Canadians could see harsher measures to contain the spread of COVID-19 throughout the country if they do not follow the guidelines already in place.
That was the message from Prime Minister Justin Trudeau on Tuesday morning (March 24), as he gave his now-daily update from the steps of Rideau Cottage in Ottawa.
“The duration of this crisis will be determined by the decisions we make right now. If you want things to go back to normal, do your part. Stay home,” Trudeau said.
Trudeau unveiled an unprecedented $82-billion financial aid package last week, which involved waiving the one-week waiting period for EI and creating a similar benefit for people who did not qualify for EI but were negatively affected by COVID-19.
Nearly 1,000,000 people have applied for EI in recent weeks as result of the coronavirus pandemic and some have reported struggles to get in touch with government representatives.
Trudeau said he understood that people were worried about getting money “directly and quickly,” but did not directly respond to a question about why cheques were not being sent to all tax filers to expedite that, as has been discussed in the U.S.
He said the measures before Parliament are meant to address issues with timeliness of the just-announced aid.
Conservatives have said they would support the emergency aid measure, but not a Liberal “power grab,” Conservative Leader Andrew Scheer said.
Trudeau said the federal Emergencies Act, which would give sweeping new powers to his government, wasn’t necessary yet. He said premiers, with whom he spoke on Monday, said they didn’t believe there was a need for it at this point. However, he said it was not off the table amid the quickly changing situation.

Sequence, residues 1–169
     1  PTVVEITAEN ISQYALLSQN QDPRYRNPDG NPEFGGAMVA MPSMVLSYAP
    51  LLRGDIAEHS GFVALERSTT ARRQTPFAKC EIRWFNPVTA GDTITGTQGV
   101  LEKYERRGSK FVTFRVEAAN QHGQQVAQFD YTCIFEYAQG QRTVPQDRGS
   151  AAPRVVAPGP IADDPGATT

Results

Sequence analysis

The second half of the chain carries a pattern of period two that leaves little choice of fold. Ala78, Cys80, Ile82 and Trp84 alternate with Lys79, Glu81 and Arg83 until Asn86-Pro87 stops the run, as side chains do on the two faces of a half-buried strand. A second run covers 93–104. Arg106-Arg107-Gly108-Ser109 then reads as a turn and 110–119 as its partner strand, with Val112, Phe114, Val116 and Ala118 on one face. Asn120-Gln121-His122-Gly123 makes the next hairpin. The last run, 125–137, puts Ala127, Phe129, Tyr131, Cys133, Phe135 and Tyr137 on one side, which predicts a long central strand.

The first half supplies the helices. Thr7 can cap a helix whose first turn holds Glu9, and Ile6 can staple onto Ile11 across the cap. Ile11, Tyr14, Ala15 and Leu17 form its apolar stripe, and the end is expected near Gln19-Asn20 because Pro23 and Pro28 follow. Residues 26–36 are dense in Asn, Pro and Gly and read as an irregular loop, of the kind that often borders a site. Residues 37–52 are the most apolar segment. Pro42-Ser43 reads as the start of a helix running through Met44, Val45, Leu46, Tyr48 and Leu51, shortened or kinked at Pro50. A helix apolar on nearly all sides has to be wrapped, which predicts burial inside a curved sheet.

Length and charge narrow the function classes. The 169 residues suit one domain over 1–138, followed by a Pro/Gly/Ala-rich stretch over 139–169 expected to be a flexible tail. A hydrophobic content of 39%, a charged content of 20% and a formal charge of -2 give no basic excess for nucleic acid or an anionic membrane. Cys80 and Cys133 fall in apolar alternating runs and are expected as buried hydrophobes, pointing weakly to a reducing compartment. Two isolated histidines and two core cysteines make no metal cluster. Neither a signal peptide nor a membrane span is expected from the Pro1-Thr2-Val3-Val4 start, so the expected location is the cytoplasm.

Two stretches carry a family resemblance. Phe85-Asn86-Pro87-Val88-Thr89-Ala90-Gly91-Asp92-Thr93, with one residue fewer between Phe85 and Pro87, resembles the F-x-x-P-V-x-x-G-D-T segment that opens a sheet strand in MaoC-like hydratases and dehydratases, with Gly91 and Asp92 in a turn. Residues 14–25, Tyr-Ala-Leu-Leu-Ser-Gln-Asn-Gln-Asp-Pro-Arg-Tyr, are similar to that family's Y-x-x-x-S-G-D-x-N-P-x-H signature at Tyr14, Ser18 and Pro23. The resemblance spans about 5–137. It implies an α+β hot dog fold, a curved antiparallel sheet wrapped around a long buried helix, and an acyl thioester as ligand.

As of Tuesday, there are more than 2,100 cases of COVID-19 in Canada and 25 deaths. Thirteen of those deaths are in B.C.
Chief medical officer Dr. Theresa Tam said nearly 120,000 people have been tested.
Deputy chief public health officer Dr. Howard Njoo said when the virus first came to Canada, 80 to 90 per cent of cases were linked to travel abroad. But in the last week, nearly 90 per cent of cases reported to the public health agency came from spread of the virus within the community.
Tam says this is a “fundamental shift.”
If Canada is going to get a handle on community spread, then social distancing and maintaining a two-metre barrier between people is essential, she said.
“Our primary strategy is to ensure that people are self-isolating when they should be and that everyone is respecting social distancing. That, in and of itself, will cut down on the change of transmission…” Tam said Tuesday.
“I can’t emphasize how important that is.”
– With files from The Canadian Press
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